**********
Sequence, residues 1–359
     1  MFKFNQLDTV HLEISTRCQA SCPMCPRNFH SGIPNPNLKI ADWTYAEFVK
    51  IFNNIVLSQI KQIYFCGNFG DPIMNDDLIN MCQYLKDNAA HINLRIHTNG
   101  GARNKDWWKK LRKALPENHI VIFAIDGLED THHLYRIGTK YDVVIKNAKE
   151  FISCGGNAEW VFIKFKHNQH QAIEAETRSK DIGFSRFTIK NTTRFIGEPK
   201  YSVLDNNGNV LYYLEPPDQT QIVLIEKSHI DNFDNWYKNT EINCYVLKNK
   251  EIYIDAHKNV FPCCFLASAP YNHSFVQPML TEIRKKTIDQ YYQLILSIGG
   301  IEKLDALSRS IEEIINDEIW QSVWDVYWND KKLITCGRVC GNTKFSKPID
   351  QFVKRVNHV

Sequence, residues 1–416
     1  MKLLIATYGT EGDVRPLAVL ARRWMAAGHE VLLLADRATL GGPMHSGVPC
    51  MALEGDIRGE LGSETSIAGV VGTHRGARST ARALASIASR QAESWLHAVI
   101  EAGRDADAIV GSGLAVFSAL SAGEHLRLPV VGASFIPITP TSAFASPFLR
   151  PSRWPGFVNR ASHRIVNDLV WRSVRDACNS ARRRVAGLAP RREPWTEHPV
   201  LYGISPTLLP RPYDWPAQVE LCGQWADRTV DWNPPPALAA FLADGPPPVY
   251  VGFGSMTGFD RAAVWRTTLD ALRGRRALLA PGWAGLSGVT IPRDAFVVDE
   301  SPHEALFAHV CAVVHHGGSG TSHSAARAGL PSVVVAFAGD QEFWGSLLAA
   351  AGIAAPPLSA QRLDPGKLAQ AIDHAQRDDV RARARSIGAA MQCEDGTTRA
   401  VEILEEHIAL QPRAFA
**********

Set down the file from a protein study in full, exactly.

Sequence, residues 1–359
     1  MFKFNQLDTV HLEISTRCQA SCPMCPRNFH SGIPNPNLKI ADWTYAEFVK
    51  IFNNIVLSQI KQIYFCGNFG DPIMNDDLIN MCQYLKDNAA HINLRIHTNG
   101  GARNKDWWKK LRKALPENHI VIFAIDGLED THHLYRIGTK YDVVIKNAKE
   151  FISCGGNAEW VFIKFKHNQH QAIEAETRSK DIGFSRFTIK NTTRFIGEPK
   201  YSVLDNNGNV LYYLEPPDQT QIVLIEKSHI DNFDNWYKNT EINCYVLKNK
   251  EIYIDAHKNV FPCCFLASAP YNHSFVQPML TEIRKKTIDQ YYQLILSIGG
   301  IEKLDALSRS IEEIINDEIW QSVWDVYWND KKLITCGRVC GNTKFSKPID
   351  QFVKRVNHV

Sequence, residues 1–416
     1  MKLLIATYGT EGDVRPLAVL ARRWMAAGHE VLLLADRATL GGPMHSGVPC
    51  MALEGDIRGE LGSETSIAGV VGTHRGARST ARALASIASR QAESWLHAVI
   101  EAGRDADAIV GSGLAVFSAL SAGEHLRLPV VGASFIPITP TSAFASPFLR
   151  PSRWPGFVNR ASHRIVNDLV WRSVRDACNS ARRRVAGLAP RREPWTEHPV
   201  LYGISPTLLP RPYDWPAQVE LCGQWADRTV DWNPPPALAA FLADGPPPVY
   251  VGFGSMTGFD RAAVWRTTLD ALRGRRALLA PGWAGLSGVT IPRDAFVVDE
   301  SPHEALFAHV CAVVHHGGSG TSHSAARAGL PSVVVAFAGD QEFWGSLLAA
   351  AGIAAPPLSA QRLDPGKLAQ AIDHAQRDDV RARARSIGAA MQCEDGTTRA
   401  VEILEEHIAL QPRAFA